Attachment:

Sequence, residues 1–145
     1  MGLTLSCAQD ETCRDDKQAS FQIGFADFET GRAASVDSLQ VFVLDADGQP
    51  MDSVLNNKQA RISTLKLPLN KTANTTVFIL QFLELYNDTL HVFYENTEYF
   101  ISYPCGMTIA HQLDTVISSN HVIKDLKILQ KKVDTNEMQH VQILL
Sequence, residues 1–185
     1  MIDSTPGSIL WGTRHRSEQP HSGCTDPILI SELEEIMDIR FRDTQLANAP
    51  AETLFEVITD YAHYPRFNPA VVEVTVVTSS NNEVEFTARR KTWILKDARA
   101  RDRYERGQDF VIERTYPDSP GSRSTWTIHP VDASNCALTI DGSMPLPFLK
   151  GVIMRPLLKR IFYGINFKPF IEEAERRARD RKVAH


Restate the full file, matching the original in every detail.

Sequence, residues 1–145
     1  MGLTLSCAQD ETCRDDKQAS FQIGFADFET GRAASVDSLQ VFVLDADGQP
    51  MDSVLNNKQA RISTLKLPLN KTANTTVFIL QFLELYNDTL HVFYENTEYF
   101  ISYPCGMTIA HQLDTVISSN HVIKDLKILQ KKVDTNEMQH VQILL
Sequence, residues 1–185
     1  MIDSTPGSIL WGTRHRSEQP HSGCTDPILI SELEEIMDIR FRDTQLANAP
    51  AETLFEVITD YAHYPRFNPA VVEVTVVTSS NNEVEFTARR KTWILKDARA
   101  RDRYERGQDF VIERTYPDSP GSRSTWTIHP VDASNCALTI DGSMPLPFLK
   151  GVIMRPLLKR IFYGINFKPF IEEAERRARD RKVAH